When an epoch ends, the intellectual leaders of the new epoch name the one that just ended (this is a general observation, cf Early modern vs late modern vs post modern?).
E.g., Khrushchev called Stalin's
Brezhnev called Khrushchev years "voluntarism", and Gorbachev called
Brezhnev's years "stagnation" ("застой").
The existential problem of the USSR was its inability to deliver on its
messianic promise of prosperity and happiness, and that required an
explanation, and the easiest was was to blame the past and the surroundings:
- For Stalin it was the "Tzarist heritage" ("тяжёлое наследие царизма" - he could hardly blame Lenin, who, first, was a "saint", and, second, ruled for only a short time) and "capitalist encirclement" ("капиталистическое окружение").
- For Khrushchev - Stalin's excesses and USA meddling ("происки США").
- For Brezhnev - Khrushchev's voluntarism, WW2 devastation and USA meddling.
- For Gorbachev - Brezhnev's stagnation and USA meddling
(notice the common theme).
Were Brezhnev's years truly stagnation?
All attempts of economic reform failed, and the nature of communism took over: bureaucracy appropriating all benefits while bearing no risks.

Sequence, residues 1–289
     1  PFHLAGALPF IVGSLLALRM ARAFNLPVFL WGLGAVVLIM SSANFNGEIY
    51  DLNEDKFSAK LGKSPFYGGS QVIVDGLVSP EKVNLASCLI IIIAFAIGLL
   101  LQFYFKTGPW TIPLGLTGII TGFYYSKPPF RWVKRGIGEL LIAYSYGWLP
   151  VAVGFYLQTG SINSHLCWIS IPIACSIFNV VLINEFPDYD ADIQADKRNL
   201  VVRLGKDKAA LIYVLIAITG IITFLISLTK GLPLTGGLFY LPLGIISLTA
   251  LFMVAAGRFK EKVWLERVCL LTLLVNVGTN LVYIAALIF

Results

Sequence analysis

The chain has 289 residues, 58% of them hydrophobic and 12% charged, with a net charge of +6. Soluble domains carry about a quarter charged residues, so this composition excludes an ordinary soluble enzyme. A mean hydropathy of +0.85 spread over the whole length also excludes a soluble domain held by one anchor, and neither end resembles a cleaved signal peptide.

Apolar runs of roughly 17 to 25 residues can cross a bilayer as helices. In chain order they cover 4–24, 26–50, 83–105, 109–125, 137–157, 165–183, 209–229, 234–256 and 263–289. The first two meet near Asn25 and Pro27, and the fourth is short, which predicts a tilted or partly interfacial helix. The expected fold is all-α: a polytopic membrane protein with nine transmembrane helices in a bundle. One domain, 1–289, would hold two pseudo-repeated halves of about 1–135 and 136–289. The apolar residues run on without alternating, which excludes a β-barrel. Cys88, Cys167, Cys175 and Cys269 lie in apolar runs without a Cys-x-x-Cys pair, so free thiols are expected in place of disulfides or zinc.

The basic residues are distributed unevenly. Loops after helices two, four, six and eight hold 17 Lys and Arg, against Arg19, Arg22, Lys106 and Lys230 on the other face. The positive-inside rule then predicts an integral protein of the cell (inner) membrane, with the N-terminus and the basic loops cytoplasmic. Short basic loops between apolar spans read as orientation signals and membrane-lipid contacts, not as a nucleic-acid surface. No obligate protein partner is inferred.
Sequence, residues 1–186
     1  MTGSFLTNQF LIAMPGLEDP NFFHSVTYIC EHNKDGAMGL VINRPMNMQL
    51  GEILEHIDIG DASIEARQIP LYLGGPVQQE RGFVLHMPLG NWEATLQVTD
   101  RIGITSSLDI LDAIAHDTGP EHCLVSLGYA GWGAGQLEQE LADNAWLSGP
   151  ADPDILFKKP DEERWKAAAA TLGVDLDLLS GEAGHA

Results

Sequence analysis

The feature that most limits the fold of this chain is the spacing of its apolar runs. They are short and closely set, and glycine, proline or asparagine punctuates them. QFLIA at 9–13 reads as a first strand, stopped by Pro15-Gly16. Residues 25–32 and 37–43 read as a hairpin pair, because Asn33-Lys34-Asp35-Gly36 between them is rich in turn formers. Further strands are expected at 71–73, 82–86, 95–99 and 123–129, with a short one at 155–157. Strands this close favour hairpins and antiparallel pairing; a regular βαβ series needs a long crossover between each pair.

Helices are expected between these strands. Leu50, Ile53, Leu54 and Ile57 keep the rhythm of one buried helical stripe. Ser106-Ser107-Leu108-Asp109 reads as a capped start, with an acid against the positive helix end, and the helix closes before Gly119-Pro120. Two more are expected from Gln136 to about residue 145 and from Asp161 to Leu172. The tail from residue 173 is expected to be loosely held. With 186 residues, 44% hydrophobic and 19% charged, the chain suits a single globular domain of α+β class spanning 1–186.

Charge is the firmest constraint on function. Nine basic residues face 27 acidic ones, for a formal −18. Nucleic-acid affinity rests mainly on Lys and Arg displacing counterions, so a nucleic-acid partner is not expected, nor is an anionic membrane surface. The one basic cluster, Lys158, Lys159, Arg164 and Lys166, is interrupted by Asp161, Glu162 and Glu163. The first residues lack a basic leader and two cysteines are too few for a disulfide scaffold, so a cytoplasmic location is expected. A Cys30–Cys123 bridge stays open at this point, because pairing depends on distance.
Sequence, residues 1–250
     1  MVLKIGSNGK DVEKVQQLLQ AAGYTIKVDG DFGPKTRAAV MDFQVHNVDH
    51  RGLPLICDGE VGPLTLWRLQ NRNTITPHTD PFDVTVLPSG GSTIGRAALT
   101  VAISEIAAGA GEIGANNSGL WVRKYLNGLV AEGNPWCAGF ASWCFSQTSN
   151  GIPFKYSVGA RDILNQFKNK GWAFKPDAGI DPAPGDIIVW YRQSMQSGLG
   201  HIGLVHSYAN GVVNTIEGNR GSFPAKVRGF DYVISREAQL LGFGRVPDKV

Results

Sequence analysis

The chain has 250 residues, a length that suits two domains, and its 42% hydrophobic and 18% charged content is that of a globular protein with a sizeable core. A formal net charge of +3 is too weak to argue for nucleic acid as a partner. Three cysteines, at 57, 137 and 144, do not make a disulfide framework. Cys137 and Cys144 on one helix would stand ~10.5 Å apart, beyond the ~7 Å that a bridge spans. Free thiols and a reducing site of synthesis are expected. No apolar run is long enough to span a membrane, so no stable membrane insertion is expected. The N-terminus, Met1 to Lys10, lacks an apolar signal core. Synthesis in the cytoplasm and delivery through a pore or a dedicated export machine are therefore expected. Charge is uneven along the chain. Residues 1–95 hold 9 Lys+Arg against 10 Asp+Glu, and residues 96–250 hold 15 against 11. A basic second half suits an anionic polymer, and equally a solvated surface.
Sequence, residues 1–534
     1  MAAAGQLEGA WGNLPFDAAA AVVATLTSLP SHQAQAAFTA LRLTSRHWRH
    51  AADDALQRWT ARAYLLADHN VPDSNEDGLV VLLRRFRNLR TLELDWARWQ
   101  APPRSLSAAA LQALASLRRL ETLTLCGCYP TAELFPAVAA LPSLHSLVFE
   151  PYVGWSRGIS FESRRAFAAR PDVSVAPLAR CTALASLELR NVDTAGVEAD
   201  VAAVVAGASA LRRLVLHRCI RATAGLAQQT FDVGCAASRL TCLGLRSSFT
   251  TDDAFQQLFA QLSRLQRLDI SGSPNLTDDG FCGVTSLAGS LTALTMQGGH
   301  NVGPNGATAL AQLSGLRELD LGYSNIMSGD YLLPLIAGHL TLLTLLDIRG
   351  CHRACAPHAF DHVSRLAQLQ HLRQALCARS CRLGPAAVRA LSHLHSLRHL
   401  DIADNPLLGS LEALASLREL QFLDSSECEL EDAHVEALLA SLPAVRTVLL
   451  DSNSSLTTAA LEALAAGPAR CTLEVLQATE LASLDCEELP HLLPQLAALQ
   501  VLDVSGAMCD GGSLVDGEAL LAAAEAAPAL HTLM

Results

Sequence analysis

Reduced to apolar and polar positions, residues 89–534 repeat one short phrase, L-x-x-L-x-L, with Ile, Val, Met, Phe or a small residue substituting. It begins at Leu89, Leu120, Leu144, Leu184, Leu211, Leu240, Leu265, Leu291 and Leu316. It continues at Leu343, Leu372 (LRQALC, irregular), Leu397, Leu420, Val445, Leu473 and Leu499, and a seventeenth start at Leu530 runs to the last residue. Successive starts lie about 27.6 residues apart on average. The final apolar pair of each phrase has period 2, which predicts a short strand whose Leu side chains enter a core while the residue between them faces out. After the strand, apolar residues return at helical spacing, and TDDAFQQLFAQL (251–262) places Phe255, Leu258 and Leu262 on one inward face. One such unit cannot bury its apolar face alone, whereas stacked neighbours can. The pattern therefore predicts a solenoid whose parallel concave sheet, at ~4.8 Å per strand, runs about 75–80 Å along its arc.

During Stalin's years, a "failed" (in the eye of his superior, which might or might not correlate with reality) bureaucrat was often executed. When Khrushchev broke this lame "feed back", bureaucrats stopped caring about the outcome.
The army gobbled up all the oil revenues and achieved missile parity with the complacent USA.
Corollary: Space and other military-related research: up
Space industry and research benefited from the arms race.
While losing the Race to the Moon and wasting precious resources on the attempt to duplicated Space Shuttle, USSR still made interesting progress with space stations.
The Khrushchev Thaw was over.
Incidentally, I highly recommend Советская детская литература и её современные перспективы: it is a very incisive (if somewhat controversial) analysis of Soviet culture.
Other research: uppish
With Stalin's fundamentalism
and Lysenkoism gone,
researches were more free to pursue their interests.
E.g., fox domestication!
This was limited by the usual funding shortages (if it's not military, you need connections at the top to get funded).
Since mathematicians do not need much funding, the Soviet school of mathematics blossomed!
PS. One of the immanent aspects of the Soviet life was the alternation
of the leaders: each one was the "antithesis" of the previous one.
This is especially evident in the hairdo: Lenin, Khrushchev, Gorbachev
and Putin are bald; Stalin, Brezhnev, and Yeltsin are not.
Even the non-entity Medvedev fits the pattern!